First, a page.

Watch this 2010 NHL Draft Look Back video featuring top draft picks Cam Fowler, Emerson Etem, Devante Smith-Pelly, and General Manager Bob Murray.
5th round, 122nd overall: Chris Wagner, C, South Shore Kings (EJHL)
NHL Games Played: 9
Wagner is one late round pick for Anaheim that has stuck around. Historically the Ducks have had very limited success drafting outside of the first three rounds. The centerman, however, has developed fairly well and now looks like a potential bottom line fit moving forward. After getting selected in 2010, Wagner had a brief two year NCAA career with Colgate University. In his senior year he absolutely blew the doors off the place, scoring 51 points and 17 goals in 38 games. While his AHL success has been a little more muted in comparison, he has made strides year after year. He has steadily improved his production from from his initial AHL season in 2012, and if not for an injury in 2014-15 he would have far surpassed career highs. The gritty center received a nod of approval from Ducks management and played 9 games with the big club this year, including two playoff games.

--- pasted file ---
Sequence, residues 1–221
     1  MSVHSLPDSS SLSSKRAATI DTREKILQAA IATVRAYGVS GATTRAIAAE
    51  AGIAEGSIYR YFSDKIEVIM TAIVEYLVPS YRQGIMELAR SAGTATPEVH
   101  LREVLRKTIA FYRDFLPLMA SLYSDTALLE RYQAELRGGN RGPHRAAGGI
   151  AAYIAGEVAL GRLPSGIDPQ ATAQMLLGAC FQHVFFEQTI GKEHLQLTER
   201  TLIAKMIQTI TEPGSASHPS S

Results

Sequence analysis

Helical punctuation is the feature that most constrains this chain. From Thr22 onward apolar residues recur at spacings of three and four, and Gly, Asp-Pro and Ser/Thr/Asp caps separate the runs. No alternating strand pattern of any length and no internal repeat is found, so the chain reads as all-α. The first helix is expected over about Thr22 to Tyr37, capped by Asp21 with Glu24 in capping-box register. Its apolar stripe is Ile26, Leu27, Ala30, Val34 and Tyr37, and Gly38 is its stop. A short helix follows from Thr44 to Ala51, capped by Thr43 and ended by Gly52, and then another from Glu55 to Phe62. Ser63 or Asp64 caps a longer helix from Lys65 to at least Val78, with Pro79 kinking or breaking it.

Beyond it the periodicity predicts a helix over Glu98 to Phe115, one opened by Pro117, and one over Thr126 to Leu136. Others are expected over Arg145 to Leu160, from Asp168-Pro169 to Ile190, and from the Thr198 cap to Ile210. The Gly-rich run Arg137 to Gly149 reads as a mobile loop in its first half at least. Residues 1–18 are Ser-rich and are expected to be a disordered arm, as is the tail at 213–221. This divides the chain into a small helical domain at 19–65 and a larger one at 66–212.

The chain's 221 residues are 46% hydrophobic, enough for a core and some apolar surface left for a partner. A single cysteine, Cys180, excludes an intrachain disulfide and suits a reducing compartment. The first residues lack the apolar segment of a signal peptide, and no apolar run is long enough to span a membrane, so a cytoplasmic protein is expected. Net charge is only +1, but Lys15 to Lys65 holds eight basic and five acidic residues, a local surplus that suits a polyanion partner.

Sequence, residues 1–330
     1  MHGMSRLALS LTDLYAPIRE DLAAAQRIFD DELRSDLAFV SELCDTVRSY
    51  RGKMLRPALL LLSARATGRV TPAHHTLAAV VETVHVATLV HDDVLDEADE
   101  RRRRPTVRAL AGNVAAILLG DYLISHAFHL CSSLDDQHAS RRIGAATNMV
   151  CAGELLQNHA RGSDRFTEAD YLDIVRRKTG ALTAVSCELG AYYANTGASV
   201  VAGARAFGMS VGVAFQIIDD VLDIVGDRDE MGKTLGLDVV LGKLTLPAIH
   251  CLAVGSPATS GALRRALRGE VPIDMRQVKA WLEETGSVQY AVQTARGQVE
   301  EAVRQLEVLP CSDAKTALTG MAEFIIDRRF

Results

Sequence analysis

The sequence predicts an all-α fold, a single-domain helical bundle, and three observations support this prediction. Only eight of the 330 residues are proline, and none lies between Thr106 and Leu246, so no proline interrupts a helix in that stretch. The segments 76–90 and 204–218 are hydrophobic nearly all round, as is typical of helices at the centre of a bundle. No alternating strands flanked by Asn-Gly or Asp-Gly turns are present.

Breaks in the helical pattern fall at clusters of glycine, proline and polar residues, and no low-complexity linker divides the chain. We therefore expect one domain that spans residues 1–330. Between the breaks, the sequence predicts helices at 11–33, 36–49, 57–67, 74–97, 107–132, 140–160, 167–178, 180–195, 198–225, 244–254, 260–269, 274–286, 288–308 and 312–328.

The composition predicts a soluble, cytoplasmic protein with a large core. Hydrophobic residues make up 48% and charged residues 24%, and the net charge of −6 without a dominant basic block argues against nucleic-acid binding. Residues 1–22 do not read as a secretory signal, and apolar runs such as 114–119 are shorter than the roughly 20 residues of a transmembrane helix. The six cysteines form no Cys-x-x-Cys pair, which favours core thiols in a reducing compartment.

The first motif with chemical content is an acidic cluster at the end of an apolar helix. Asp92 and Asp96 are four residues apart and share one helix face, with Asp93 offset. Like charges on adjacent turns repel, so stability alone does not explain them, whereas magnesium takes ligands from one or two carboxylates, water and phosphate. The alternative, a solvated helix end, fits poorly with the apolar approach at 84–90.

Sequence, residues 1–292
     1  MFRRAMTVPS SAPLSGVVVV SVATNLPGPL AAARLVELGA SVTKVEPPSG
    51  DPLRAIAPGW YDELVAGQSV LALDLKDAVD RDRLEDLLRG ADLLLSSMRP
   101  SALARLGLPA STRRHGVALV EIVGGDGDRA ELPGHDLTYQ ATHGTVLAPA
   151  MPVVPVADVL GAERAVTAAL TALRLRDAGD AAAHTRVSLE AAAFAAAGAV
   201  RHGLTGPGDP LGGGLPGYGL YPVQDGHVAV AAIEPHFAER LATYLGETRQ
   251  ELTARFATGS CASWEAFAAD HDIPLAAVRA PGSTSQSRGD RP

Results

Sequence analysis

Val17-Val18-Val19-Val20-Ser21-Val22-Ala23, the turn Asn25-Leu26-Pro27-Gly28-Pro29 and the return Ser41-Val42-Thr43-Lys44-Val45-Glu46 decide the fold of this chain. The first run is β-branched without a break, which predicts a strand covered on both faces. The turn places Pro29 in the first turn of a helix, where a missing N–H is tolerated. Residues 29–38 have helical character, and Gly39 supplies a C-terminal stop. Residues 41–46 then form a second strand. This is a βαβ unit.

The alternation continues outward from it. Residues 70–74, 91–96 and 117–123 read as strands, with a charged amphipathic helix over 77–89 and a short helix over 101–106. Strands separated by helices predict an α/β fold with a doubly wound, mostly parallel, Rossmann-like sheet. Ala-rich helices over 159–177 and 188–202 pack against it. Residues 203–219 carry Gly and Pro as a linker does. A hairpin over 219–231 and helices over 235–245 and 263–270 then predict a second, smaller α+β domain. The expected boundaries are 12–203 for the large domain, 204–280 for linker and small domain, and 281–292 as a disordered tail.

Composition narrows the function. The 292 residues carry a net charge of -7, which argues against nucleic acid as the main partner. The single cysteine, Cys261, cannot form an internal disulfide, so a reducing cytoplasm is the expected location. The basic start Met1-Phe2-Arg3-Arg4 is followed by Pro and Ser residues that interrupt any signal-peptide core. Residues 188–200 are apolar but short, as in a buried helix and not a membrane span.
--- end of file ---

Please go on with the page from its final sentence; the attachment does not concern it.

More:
5th round, 123rd overall: Tim Heed, D, Sodertalje SK (SEL)
Status: Unsigned/Free Agent
NHL Games Played: 0